photo by Kim Cameron
BASH – Diana Dahl, Executive Director of the Middle Park Medical Foundation (MPMF) (left), Jeff Miller, Board Chair of MPMF (center), and Robert Flake, CEO of MPMC (right), each appealed to the crowd at BASH, highlighting how the event’s proceeds will benefit the community. The BASH raised approximately $38,000 for the hospital.
Middle Park Medical Center reports profits
Two years ago, the Kremmling Memorial Hospital District (Middle Park Medical Center) was under the threat of receivership for default of their bond agreement. The hospital was able to secure a $24 million loan from the U.S. Department of Agriculture to avert this threat.
Today the hospital is reporting numbers in the black, and were able to give each employee a $600 cash bonus at the beginning of this month.
According to CEO/CFO Robert Flake in a preliminary budget report, MPMC collected $23.4 million dollars in 2016 compared to $19.1 million in 2015. This was an increase of $4.3 million in one year.
Gary Bumgarner, a hospital trustee, also emphasized that days in accounts receivable (AR) decreased considerably and was less likely to be written off as bad debt.
One of the changes Flake has implemented is returning the billing department to MPMC and no longer outsourcing it.
The billing department has also been able to provide an additional income source for MPMC by providing billing services for Leadville.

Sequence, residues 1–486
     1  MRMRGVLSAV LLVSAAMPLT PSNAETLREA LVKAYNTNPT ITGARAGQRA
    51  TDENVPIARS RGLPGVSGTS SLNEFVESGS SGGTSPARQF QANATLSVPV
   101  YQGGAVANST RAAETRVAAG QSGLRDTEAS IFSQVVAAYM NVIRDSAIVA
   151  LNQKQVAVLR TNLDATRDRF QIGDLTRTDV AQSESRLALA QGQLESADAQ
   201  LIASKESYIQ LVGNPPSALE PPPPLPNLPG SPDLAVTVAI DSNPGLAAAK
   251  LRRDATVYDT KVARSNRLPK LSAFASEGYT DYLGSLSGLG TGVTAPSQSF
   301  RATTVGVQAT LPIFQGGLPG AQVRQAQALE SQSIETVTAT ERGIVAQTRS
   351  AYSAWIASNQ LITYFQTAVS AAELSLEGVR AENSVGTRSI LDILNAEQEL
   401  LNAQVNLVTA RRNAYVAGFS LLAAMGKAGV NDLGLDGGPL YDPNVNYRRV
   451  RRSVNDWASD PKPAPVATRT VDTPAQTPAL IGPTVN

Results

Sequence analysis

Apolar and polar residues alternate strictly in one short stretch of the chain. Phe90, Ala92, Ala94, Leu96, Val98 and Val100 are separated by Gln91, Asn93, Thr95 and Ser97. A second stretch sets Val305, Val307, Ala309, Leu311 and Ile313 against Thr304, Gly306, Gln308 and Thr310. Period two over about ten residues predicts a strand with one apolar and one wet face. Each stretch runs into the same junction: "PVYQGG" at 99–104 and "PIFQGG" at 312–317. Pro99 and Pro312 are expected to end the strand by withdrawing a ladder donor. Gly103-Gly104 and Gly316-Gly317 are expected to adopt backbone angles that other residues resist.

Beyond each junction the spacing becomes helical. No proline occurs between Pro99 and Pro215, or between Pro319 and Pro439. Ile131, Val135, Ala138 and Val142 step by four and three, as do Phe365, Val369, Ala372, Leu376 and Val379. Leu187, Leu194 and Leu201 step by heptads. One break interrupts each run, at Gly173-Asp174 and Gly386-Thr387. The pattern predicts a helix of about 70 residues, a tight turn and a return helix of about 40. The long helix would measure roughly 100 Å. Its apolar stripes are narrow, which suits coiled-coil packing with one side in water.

In looking at this year, $2.3 million was collected in January. This is a 28% growth over last year and is the same price points as 2016. The approved price increases did not take effect until February.
In analyzing January’s statistics, Flake said he expected the hospital’s activity to reflect the closure of Granby Ranch due to chairlift problems. “We do have an impact of Granby Ranch’s activity in our emergency room and our clinic so I thought our numbers would be lower, but the numbers were fantastic,” he said.
Flake noted that one of the most impressive statistics for January was that 38.2% of admitted patients were treated within the MPMC facility versus being transferred to another medical facility. Out of 68 patients 26 stayed at MPMC. This is in comparison to 12% last year. Also in comparison to last year there were 22 patient observation days in contrast to three in 2016; 55 acute care cases in comparison to 29, swing days were at 40 compared to 8, and 220 extended care resident days on average compared to 93 last year.
“Our ER activity was up compared to last year. Our clinic activity was up 72%… all our volume continues to rise,” said Flake. MPMC has also seen an increase in volume in general surgeries and the specialty clinics.
In February, $2.5 million was collected which was $800,000 over last year’s amounts.